Friday, May 6, 2016

Sports PR

In the last couple of years at the Mayborn School, I met several people who are aspiring to be PR professionals in the sports industry. It’s no surprise; I mean in the DFW metroplex alone we have just about every popular professional sport. We have the Dallas Mavs, The Dallas Cowboys, Dallas FC, Texas Rangers, and the Dallas Starts. That’s everything from football to hockey within a 40-mile radius. Therefore wanting to pursue a degree in sports PR comes with the territory.

However, sports PR is one of the most challenging and difficult fields to break into. After doing some research and attending several agency tours, here are some of the best tips to get your foot in the door with sports PR.

1.) Create and awesome portfolio and keep it up to date.
            - In most cases, the first impression that you get from employers is based on your portfolio. The main thing PR professionals are looking for when it comes to sports PR are great writing skills. It’s important to put a ton of different types of writing samples in your portfolio.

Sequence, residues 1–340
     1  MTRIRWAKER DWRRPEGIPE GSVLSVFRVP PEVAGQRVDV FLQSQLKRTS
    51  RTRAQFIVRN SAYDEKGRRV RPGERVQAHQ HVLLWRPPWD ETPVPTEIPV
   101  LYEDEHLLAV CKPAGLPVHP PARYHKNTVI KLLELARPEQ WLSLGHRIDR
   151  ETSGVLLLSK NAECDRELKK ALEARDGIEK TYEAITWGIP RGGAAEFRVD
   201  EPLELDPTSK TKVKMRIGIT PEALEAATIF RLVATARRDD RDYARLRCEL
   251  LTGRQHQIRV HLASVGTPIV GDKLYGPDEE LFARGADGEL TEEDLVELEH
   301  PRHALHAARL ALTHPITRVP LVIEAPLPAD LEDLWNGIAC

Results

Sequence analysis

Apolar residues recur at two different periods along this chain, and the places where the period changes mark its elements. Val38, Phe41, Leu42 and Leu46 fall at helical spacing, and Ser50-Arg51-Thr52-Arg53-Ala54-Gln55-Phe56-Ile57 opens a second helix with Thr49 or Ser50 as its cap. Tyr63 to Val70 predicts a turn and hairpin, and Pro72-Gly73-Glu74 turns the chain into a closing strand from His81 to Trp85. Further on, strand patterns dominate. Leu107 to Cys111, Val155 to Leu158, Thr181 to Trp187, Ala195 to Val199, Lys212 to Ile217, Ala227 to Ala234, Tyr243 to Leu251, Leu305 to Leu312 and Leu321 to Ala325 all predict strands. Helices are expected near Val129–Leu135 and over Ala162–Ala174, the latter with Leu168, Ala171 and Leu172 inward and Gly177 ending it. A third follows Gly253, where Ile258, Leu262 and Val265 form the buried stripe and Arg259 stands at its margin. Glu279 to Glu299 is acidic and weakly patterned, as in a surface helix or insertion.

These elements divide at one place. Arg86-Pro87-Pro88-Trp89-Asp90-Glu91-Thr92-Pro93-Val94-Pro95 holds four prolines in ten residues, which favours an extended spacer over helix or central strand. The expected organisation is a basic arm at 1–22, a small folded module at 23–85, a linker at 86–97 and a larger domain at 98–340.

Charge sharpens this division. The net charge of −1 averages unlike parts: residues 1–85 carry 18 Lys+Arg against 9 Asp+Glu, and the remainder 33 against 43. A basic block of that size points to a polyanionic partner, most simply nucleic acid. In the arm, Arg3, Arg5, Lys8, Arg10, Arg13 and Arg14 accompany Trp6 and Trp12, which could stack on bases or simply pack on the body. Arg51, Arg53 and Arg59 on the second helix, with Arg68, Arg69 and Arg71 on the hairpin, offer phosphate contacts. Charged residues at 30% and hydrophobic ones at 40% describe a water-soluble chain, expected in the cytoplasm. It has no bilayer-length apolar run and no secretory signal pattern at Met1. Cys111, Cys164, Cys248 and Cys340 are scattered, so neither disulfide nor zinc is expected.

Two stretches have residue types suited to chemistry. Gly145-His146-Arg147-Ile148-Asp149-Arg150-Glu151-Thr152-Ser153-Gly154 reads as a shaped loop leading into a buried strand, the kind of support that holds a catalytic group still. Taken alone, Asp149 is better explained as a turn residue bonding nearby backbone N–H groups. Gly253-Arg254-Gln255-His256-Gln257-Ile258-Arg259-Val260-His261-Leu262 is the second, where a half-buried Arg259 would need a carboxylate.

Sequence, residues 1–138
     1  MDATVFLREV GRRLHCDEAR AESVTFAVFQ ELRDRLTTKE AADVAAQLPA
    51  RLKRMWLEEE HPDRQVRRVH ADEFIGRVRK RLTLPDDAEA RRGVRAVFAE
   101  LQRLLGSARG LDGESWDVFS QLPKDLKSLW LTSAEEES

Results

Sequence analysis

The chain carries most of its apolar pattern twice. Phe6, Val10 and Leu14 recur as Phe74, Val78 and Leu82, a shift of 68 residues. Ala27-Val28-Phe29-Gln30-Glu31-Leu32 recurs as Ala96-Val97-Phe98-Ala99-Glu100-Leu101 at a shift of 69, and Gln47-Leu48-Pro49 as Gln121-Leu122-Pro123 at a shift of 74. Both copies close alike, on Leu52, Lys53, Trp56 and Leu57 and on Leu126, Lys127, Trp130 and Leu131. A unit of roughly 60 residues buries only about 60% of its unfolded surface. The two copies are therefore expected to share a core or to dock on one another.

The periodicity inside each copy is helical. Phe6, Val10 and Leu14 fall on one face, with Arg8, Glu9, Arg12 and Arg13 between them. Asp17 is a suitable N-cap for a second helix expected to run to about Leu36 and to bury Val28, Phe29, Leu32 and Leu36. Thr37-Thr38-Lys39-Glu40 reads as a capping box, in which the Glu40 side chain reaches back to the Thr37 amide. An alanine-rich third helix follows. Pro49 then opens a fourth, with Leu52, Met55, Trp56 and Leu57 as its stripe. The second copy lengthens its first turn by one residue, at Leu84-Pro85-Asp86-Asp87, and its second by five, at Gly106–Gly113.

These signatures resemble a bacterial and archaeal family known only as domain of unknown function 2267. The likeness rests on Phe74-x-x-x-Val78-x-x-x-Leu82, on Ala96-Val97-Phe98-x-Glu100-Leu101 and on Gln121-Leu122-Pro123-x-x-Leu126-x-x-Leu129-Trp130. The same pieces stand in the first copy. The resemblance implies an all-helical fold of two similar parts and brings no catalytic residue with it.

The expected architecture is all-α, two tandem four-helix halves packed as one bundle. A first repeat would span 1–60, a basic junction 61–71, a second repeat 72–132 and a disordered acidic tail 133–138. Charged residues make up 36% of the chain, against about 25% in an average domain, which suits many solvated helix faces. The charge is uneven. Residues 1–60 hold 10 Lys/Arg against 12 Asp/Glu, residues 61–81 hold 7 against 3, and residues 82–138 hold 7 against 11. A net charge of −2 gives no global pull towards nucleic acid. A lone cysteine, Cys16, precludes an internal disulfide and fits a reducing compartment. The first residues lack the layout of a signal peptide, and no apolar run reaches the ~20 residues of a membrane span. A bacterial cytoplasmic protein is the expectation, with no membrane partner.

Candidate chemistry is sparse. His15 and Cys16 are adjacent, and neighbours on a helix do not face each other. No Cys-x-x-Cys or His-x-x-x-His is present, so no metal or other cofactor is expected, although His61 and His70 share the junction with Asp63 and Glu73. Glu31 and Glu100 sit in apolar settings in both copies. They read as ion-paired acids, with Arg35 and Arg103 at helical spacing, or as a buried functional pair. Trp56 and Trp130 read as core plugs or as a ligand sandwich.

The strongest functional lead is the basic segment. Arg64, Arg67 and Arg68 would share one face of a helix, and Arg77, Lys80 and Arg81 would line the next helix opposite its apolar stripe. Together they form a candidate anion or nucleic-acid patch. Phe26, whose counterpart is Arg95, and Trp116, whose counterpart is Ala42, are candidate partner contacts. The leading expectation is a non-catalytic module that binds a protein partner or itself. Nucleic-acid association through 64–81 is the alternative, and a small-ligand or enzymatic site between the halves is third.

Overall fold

2. Don’t be afraid to intern at a smaller company
            - Most people think that they need their first internship to be with  a big agency. But however, sometimes the work you do at a small agency can be just as beneficial if not more. In most cases you will be able to get more experience and it can really serve as a stepping stone for you before you get land that big time agency job.

3.) Network
            -“It’s not about what you know, it’s about who you know.” Unfortunately, in this type of business that’s true. That is why it’s so important to network with people. Take advantage of every opportunity to go on agency visits, add potential employers on LinkedIn, make an effort to get to know them! You will really stand out this way.  After all, isn’t PR all about building and maintain relationships. Those are the 3 big tips to help you break into the sports industry as a PR professional. Take advantage of every opportunity, even the ones that don’t seem “as important,” all experience helps.